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A German Jewish family goes hiking in the Feldberg Mountain.

Photograph | Digitized | Photograph Number: 21374

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    A German Jewish family goes hiking in the Feldberg Mountain.
    A German Jewish family goes hiking in the Feldberg Mountain.

Pictured are Alfred, Gustav and Trude Manasse.


    A German Jewish family goes hiking in the Feldberg Mountain.

    Pictured are Alfred, Gustav and Trude Manasse.
    Feldberg, [Baden-Wuerttemberg] Germany
    Photo Credit
    United States Holocaust Memorial Museum, courtesy of Fred Manasse

    Rights & Restrictions

    Photo Source
    United States Holocaust Memorial Museum
    Copyright: United States Holocaust Memorial Museum
    Provenance: Fred Manasse

    Keywords & Subjects

    Administrative Notes

    Fred Manasse (born Manfred Kurt Manasse) is the son of Alfred Manasse (b. 1895) and Trude Lieblich Manasse. Alfred's family worked as cattle farmers in Thalheim, and Alfred had a small shoe factory in Offenbach, outside of Frankfurt. Trude's family owned a hotel in Baden-Baden and part of her family lived in Strasbourg. Manfred was born on July 27, 1935 in Frankfurt am Mein. He has an older brother Gustav, born December 1, 1931 and had a younger sister Miryam, born on January 19, 1937. Alfred's brother Julius immigrated to the United States in the 1930's. However, Alfred, who also served as a leader of the Frankfurt Jewish community, was reluctant to leave. On the night of Kristallnacht, they watched their synagogue as it burned down from the window of their apartment. After Kristallnacht, Alfred made plans to emigrate and arranged for the two boys to go on a Kindertransport to Belgium. The two boys stayed in a children's home in Brussels. Since Alfred's mother refused to leave Germany, Trude remained behind with her mother-in-law and youngest child, while Alfred left Germany on board the St. Louis in May 1939. After Cuba denied entry to the passengers of the ship and the St. Louis was forced to return to Europe, Alfred disembarked in Belgium so that he could be near his sons. He hoped that the rest of the family would be able to join them there. However, World War II broke out on September 1, 1939, and Trude and Miryam became trapped in Germany. On May 10, 1940 Germany invaded Belgium. Manfred and Gustav were able to join a children's convoy to France eventually coming to the Chateau de la Hille which was under the protection of the Swiss Red Cross. However, Alfred was sent as an enemy alien to the Gurs internment camp in southern France. There he actually managed to reunite with Trude's father Philip Lieblisch, his sister and brother-in-law Liesl and Theodor Rosenthal. On one occasion Manfred and Gustav were able to briefly visit their father in the camp. However, in August 1942 Alfred was deported from there to Drancy and then to Auschwitz where he perished. Because Theodore was a trained chef and was working as the cook, the rest of the family was spared deportation and remained in Gurs until liberation, including Theo and Liesl's daughter Evelyne who was born in the camp in April 1942. In 1944 Manfred and Gustav left France on a children's transport to the United States. After first spending two months in Barcelona, they stayed in an orphanage in Lisbon for six months and then boarded the Serpa Pinto in December 1944. They arrived in Philadelphia on January 10, 1945 and then took a train to New York where they were met by their first cousin, Kurt Manasse. Though their uncle Julius Manasse sponsored their immigration, he did not adopt the boys, and Manfred spent the next few years moving from one foster home to another. Trude and Mirjam Manasse were deported in May 1942. The transport list has not been found but it is believed that it went to Izbica and then to Sobibor, where they were murdered.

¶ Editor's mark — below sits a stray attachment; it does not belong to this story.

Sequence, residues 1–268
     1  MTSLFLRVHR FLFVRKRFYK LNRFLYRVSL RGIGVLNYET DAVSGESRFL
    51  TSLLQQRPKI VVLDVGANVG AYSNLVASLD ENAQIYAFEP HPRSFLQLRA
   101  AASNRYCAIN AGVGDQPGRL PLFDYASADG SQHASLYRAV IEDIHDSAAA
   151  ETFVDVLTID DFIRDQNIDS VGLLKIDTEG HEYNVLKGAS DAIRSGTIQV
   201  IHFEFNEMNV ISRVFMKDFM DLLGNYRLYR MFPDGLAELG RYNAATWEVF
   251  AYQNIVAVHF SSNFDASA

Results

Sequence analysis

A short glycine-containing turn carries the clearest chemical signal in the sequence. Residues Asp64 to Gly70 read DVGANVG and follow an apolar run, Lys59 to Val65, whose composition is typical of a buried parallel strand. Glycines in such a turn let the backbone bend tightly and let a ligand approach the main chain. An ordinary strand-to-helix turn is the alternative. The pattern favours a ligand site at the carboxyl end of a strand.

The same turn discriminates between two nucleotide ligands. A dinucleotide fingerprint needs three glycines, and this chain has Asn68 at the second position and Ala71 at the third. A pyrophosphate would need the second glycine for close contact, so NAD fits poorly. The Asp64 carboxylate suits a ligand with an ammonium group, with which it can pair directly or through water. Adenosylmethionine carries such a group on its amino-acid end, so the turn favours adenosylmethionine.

Record last modified:
    2007-01-31 00:00:00
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